Sarah Wehling, VP/GM for the Los Angeles regional buying office, introduced four guest speakers for the event—buyers in different categories. Wehling herself oversees the buying of the foods and sundries departments for 58 Costco stores, including 51 in the L.A. area and seven in Hawaii.
According to the first speaker, Steve Dickinson, assistant liquor buyer, their buying office is known to have some of the highest-volume stores in the company. To put that in perspective, according to Costco’s 2016 annual report, each warehouse averages $159 million in annual sales.
Dickinson noted other stats for 2016: net sales for the 723-store company were $116.1 billion; it operated more than 104 million s.f. of store space (about 144,000 s.f. per store); it had 214,000 employees worldwide; and more than 2.5 million customer transactions took place per day.
Of the company’s 723 stores, 506 are located in the U.S.—in 44 states, the District of Columbia and Puerto Rico.
According to the annual report, Costco opened 29 new stores last year, 21 of them in the U.S.
Dickinson noted that the most recent California club opening took place last October in Hanford, near Fresno.
“Now that we’re through the holidays, we have two new locations opening in the Southeast region; one next week and one the week after,” he said at the Jan. 25 gathering.
A total of 31 new openings are planned for 2017, including the Issaquah, Washington-based company’s first stores in France (this spring) and Iceland.
Costco’s member base comprises 47.9 million households and more than 86 million cardholders, with a 90 percent renewal rate that generate $2.7 million in cash fees annually.
“Members are a huge priority to us,” he said. “We’re the absolute pricing authority—value, value, value. (We also offer) great merchandising, a treasure hunt atmosphere. When you go to Costco, you see that item you’ve never seen before, and you know you want to pick it up that day because when you come back it may not be there. We’re nimble. We’re a large company but we turn quickly, and we take quality very seriously.”
Jaime Leal, deli buyer, discussed not only his but several of Costco’s store departments.
First up, the liquor department. He said that Costco has now become the largest retailer of fine wines in the country.
“The last fiscal year we did $1.1 billion in fine wines, and total wines came in at $1.8 billion,” he said.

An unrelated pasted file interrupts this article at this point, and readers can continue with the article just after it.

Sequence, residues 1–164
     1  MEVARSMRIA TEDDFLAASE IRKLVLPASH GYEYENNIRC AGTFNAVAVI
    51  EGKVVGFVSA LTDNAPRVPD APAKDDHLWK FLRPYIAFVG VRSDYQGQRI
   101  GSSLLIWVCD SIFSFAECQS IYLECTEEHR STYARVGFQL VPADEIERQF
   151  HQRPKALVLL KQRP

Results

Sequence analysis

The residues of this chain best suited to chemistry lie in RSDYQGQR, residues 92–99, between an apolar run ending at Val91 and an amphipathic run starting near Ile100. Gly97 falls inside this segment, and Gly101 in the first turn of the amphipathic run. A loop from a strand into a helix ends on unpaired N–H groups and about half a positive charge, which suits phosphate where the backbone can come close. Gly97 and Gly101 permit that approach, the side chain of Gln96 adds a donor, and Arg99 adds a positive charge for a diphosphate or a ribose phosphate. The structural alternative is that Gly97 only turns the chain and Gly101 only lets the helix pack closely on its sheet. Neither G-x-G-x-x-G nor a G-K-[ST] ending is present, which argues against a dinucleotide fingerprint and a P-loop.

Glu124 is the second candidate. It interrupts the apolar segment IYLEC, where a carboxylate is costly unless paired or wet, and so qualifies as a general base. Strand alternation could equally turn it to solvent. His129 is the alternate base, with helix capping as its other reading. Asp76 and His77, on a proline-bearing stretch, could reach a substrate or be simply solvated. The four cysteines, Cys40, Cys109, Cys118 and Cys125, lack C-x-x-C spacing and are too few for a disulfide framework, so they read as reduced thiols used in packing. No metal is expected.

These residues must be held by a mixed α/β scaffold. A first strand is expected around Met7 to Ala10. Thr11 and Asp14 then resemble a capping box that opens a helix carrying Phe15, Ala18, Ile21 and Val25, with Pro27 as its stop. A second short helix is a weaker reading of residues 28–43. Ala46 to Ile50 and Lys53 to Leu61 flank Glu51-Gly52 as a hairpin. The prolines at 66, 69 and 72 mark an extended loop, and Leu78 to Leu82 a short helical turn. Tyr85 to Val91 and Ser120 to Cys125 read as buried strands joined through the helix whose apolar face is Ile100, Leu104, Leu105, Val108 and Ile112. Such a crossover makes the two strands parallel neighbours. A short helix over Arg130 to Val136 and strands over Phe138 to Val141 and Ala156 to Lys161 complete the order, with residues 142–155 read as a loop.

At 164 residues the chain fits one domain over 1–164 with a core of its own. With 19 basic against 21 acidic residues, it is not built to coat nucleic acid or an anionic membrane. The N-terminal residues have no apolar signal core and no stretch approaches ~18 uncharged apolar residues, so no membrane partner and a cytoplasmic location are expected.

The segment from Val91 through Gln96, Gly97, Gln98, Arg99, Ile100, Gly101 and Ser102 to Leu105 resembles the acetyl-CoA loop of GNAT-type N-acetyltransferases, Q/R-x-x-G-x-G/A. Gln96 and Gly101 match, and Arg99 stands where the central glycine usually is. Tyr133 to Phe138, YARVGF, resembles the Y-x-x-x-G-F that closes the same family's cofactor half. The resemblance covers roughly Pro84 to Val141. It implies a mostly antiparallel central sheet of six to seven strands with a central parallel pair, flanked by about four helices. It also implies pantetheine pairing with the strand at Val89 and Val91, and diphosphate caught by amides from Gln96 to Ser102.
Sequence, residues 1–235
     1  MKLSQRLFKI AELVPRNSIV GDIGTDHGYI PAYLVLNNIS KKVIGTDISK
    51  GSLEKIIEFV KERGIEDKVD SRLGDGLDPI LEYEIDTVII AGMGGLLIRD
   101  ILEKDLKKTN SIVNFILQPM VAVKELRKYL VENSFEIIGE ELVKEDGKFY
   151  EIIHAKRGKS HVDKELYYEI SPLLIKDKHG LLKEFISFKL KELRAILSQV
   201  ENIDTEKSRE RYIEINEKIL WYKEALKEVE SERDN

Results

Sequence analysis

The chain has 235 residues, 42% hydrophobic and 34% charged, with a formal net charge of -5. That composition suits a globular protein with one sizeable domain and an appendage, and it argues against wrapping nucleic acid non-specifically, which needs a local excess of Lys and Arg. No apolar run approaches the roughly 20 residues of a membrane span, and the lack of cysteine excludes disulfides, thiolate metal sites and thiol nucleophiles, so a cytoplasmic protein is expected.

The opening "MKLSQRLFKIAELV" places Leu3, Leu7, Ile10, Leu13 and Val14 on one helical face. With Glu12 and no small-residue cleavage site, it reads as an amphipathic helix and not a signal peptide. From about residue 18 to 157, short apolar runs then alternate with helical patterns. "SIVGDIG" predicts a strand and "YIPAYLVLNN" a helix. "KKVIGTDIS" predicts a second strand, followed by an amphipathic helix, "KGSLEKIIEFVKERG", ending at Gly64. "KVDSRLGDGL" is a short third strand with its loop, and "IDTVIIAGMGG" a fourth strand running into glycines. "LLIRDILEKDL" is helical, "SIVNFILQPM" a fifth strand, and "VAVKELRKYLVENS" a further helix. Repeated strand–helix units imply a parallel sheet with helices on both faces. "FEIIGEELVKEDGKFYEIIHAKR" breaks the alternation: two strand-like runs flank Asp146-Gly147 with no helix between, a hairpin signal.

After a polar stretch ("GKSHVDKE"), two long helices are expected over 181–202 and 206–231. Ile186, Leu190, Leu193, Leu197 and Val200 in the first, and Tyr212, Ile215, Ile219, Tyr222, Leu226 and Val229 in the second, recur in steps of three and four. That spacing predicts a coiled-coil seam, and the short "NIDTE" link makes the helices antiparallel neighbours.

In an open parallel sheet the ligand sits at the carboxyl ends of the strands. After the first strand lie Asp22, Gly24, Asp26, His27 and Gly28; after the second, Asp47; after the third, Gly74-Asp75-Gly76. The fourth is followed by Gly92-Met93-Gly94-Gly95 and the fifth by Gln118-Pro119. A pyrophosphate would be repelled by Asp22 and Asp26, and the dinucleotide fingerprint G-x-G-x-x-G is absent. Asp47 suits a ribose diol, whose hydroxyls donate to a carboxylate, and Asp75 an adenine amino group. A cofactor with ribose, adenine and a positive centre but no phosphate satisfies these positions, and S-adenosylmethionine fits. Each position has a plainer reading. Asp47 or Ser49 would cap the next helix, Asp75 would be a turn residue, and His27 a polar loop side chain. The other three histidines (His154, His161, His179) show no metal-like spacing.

“In our quality meat department, we sell two choices—USDA Choice and USDA Prime—and we had $6.9 billion last year in sales,” Leal said. “So you can pick up a very nice, restaurant-quality prime steak…and a very nice bottle of Cab to go with that.”
In the bakery department, which had $1.5 billion in sales last year, Costco has recently begun offering made-from-scratch breads, “some very nice baked goods,” as Leal termed them.
In the deli, Costco sold 83 million rotisserie chickens in its stores last year, at the very competitive price of $4.99 each.
“It’s quite a value and the best out in the industry,” he says.
In its food court, its well-known meal deal—$1.50 for a hot dog and a soft drink—prompted sales of 132 million combos last year.
In Southern California specifically, Costco has added car washes to a few locations, including Torrance, Leal said, and “we are going to be building more of them. Phenomenal deal.”
Wendy Coldesina, dry grocery buyer, talked about Costco’s supplier relationships.
“We’re very proud of our ancillary departments and how we do in those departments, but we’re also proud of the relationships that we have with suppliers like you,” she said.
But she was quick to point out that the company also is “very, very proud of our Kirkland Signature line. As you know, it’s our private label brand that we’ve grown and cultivated and, as our president and CEO Craig Jehlinek has said, we will always be known for brand names such as Michelin, Sony and Crest, but we will continue to augment our offering with our own Kirkland Signature items.”
According to last year’s annual report, a number of Kirkland Signature food items were introduced—with a strong emphasis on organics. These items included nut bars, protein bars, quinoa, raw honey, Greek yogurt and hummus as well as a couple of organic pet supplies.
She said the company has had “great success” with a number of its private label items, including its French Vodka, American Vodka and quinoa. The quinoa, in fact, has expanded to all of Costco’s regions. The company works to develop sustainable supply relationships in communities across the globe “in order to secure an adequate supply of high-quality organic quinoa,” according to a video presentation shown during Coldesina’s presentation.
Costco is “working with our suppliers on both social and agricultural development projects, such as solar panel installations to provide electricity and lighting for homes and projects like irrigation systems to areas that previously had relied solely on rainfall. Training and education have led to farmers doubling their yields through the use of organic fertilizers and better irrigation techniques and the installation of indoor cooking stoves to help mothers really cook.”